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Am J Med Genet. 1996 May 3;63(1):203-8.

The spectrum of free neuraminic acid storage disease in childhood: clinical, morphological and biochemical observations in three non-Finnish patients.

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1
Department of Pediatrics, University of Frankfurt, Germany.

Abstract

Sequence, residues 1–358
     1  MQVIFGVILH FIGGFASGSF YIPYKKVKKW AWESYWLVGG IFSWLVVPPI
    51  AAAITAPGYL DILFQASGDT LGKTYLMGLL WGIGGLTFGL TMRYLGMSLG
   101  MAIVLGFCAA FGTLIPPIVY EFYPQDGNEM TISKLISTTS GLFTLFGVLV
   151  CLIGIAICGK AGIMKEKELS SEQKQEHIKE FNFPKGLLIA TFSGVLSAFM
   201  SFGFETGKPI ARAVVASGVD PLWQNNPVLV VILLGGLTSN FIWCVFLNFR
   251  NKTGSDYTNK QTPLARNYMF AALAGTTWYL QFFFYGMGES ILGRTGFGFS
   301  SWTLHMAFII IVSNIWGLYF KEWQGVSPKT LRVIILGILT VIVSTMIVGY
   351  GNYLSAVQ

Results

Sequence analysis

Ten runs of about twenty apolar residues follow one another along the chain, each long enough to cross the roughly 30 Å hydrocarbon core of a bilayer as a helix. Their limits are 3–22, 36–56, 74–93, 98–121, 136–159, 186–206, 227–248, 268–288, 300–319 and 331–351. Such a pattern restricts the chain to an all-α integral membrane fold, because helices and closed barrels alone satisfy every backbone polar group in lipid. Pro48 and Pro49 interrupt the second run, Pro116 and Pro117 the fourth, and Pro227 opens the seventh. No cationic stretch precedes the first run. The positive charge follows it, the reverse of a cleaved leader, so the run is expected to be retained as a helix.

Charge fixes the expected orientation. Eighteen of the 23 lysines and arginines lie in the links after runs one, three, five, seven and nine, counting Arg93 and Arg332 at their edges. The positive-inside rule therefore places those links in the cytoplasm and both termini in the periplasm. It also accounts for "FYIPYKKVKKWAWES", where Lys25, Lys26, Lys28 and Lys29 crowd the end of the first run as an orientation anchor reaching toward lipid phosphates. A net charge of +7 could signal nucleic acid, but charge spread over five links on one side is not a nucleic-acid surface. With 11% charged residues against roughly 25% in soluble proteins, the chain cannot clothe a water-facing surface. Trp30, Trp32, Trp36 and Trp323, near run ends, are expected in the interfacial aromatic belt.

N-acetylneuraminic acid (sialic acid) storage disease is a rare autosomal recessive lysosomal disorder. Clinically two major forms exist, an infantile type with severe progression leading to early death, and a milder form (Salla disease) with a protracted course. Intermediate forms may also exist. Diagnosis rests on the determination of an excessive excretion of sialic acid in urine and concomitant storage in fibroblasts, the severe forms exhibiting the highest excretion and storage. We present clinical, morphological, and biochemical data on three non-Finnish patients with sialic acid storage disease. Patient 1 was a preterm infant with neonatal ascites, coarse face, hepatosplenomegaly, pale skin, and wispy hair. Vacuolated lymphocytes were abundant in a peripheral blood smear and he excreted large amounts of free sialic acid. High levels of free sialic acid were also found in cultured skin fibroblasts. He died at age 6 months from progressive respiratory insufficiency. Patient 2 was an 11-month-old Egyptian girl with coarse face, frequent upper respiratory tract infections, hepatosplenomegaly, and severe psycho-motor retardation. Sialic acid excretion was elevated, likewise the storage in fibroblasts. Histological investigations documented vacuolar storage in a skin biopsy and in iliac crest tissue. Patient 3 was a 16-year-old girl with slightly coarse face, severe generalized muscular hypotonia, ataxia, and kyphoscoliosis originally diagnosed as having post-partum asphyxia. She suffered progressive motor function loss and had dysarthria. Urinary sialic acid was elevated and a skin biopsy demonstrated vacuolization. The clinical variability of sialic acid storage disease is exemplified by these three cases. Simple urinary screening for free sialic acid facilitates the diagnosis. The degree of urinary excretion may indeed correlate with clinical presentation and progression.

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